Showing posts from February, 2017

Giving Your Practice A Voice

As I always do, I had a Q&A/Sharing time after last night's sound session. If there is time, I like to offer this, because people often have questions about all the different instruments, how I play them, what made what sound, etc. We also share our experiences, as everyone's is different and personal. Experiences like physical sensations, spiritual journeys, or audio/visual stimulation. Voice As Meditation Part of this is people explaining what they heard. Last night various people said they heard voices . This is a two fold experience.  1) Sound is deeply linked to memory. Often we hear things that sound like something we have heard before. In the case of the Gongs/Bowls/Bells, these instruments cover a very wide frequency range, and various sound/frequencies may trigger a memory of voices or vocal sounds. I have had people say that they hear singing, or choirs. I've also had people describe hearing strings or orchestras, which is a very similar type soun

Art As A Spiritual Practice

If there's one thing long time readers should pick up from following my blogs, it's that I see my art as a spiritual practice . A spiritual practice or spiritual discipline (often including spiritual exercises) is the regular or full-time performance of actions and activities undertaken for the purpose of inducing spiritual experiences and cultivating spiritual development. - Wikipedia In it's purest sense, spirituality has very little to do with organized religion. In fact, rather than being a group exercise, it is a very personal experience. Throughout history, artists have often been the keepers of a sense of spirituality in our various cultures.  I look at my own path, one of being raised Catholic, then delving into mysticism (such as Rosicrucianism), and finally ending up where I exist today, extremely interested in Buddhist thought and practice, yet not belonging to any group experience or practice.  John Cage at Ryoanji Experience As Meditation Li

Gongs & Fingerprints

From this week's mail box, a question about fingerprints on your Gongs: I was wondering what your opinion is on the accutonics position to never touch your gong because the oils from your fingers will destroy the purity of the vibration from the instrument. For those of us that do a lot of performances and have a lot of moving to do it seems rather difficult even if it were true.  Have you seen this anywhere? Ah, the dreaded fingerprints! Please realize that there are 2 very different sides to this story and that neither one is wrong.  One side is the people who always wear gloves when handling and setting up their Gongs. They also tend to wipe them off often and even do a lot of cleaning to keep them looking brand new. The other side, which I belong too, takes great care of their Gongs, realizing that they are very fine musical instruments. But we also realize that they are  tools of the trade  as it were. I have some Gongs that I've had for over 40 years. Som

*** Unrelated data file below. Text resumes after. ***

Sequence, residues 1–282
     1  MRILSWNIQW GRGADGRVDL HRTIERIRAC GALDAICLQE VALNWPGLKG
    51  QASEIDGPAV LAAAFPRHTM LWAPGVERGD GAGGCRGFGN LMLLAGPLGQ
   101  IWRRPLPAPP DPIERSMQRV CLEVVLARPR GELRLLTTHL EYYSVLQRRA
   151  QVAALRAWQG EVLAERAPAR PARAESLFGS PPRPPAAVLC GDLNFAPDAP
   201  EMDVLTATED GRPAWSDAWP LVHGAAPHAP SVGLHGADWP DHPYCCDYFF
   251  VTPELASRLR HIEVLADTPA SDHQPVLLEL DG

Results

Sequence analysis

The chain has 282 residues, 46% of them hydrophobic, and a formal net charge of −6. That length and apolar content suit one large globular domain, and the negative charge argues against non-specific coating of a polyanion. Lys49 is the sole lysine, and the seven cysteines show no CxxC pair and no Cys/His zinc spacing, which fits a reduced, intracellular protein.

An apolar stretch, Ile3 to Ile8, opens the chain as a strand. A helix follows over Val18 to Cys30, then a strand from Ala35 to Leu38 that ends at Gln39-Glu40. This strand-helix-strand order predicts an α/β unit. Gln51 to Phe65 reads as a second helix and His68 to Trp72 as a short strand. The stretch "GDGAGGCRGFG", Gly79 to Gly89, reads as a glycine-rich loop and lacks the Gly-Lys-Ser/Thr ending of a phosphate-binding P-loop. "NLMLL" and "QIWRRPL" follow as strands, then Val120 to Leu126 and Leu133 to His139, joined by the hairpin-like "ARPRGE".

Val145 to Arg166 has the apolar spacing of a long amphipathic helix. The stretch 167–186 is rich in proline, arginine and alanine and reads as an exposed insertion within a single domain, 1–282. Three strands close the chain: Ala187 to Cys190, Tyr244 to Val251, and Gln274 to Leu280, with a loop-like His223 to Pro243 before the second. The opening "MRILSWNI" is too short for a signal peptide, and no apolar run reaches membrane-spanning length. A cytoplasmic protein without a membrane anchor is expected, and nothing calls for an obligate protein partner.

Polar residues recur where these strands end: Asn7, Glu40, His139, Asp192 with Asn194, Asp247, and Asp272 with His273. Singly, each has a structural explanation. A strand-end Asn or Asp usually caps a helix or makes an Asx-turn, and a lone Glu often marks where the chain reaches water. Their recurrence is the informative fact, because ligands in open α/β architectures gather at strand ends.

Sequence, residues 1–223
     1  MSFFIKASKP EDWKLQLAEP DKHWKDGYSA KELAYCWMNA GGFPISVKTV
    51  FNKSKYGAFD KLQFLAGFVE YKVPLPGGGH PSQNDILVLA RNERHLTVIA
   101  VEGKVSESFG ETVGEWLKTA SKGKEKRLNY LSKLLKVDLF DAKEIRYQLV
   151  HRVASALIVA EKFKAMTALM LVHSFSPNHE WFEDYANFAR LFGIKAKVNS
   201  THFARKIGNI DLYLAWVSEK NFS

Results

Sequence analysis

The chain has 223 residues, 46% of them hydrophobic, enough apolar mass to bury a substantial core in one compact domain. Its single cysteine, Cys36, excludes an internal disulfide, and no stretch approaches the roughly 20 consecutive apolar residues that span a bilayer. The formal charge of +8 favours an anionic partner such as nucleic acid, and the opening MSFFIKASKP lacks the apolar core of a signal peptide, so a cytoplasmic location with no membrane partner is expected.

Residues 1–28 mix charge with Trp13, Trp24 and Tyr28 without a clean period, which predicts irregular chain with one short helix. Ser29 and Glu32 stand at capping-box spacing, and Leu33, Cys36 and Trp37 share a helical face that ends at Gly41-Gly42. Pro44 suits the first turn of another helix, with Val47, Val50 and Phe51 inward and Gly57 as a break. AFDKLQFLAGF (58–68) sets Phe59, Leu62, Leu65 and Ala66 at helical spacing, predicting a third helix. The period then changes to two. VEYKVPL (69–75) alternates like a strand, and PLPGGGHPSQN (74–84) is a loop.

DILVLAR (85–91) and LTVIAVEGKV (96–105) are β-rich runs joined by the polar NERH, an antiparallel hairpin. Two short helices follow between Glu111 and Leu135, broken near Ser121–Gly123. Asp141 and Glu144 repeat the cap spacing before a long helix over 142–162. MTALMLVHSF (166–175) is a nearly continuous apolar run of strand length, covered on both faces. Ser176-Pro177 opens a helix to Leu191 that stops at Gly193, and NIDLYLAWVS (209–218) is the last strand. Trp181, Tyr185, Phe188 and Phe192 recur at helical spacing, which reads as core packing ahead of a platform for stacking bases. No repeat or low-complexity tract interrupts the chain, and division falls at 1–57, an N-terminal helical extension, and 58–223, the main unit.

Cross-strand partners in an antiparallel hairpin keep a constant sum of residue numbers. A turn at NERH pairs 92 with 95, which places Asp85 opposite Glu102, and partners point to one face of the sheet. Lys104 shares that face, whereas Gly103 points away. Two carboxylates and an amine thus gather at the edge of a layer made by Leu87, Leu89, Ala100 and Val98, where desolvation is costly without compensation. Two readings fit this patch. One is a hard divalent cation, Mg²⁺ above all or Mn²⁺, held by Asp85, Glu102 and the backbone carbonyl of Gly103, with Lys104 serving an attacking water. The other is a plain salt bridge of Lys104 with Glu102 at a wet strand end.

The Art of Nothingness

Continuing from the last post, once you strip your music down to its essence, what next? You keep stripping things away until you are left with nothing. Nothing but your own essence, your heart, your soul. “There is no such thing as an empty space or an empty time. There is always something to see, something to hear. In fact, try as we may to make a silence, we cannot.”  ― John Cage, Silence: Lectures and Writings  But as Cage reminds us, there is no such thing as nothing . Even if I strip away all the music and sit silently, there is still my breathing, my heart beating, and in true Cagean fashion, the ambient sounds of the world around me. And in my case, there is always my tinnitus , ringing away in my head. So matter how hard I try, even in an isolation chamber, there is still that ringing. But I have learned to embrace this almost silence. I have also learned to make peace with the sounds I cannot take away. It used to be when I was playing a meditation session, I would

The Art of Subtraction

Like most people, when you are young, you tend to want to overdo everything. That's especially true if you are a musician. Many young male musicians seem to be fueled equally by a desire to create music and testosterone. This mix can often produce a steady wall of sound, whether it's in a rock band, jazz band, or even playing Gongs. Intensity has a great effect, but like construction noise outside of your window, after a while it gets ignored. I'm all for intensity, but after a while, I got tired of it. I used to often play a solid wall of sound for an hour or more. It was big, intense, glorious; but so much the same thing. Over time I got tired of it. I also found it less than interesting because it was so one dimensional. Over the years, I've steadily subtracted notes, all the while adding more sounds to my set up. I've also learned to appreciate and use space more. Space is as important, if not more important than the notes we play. Space allows the notes to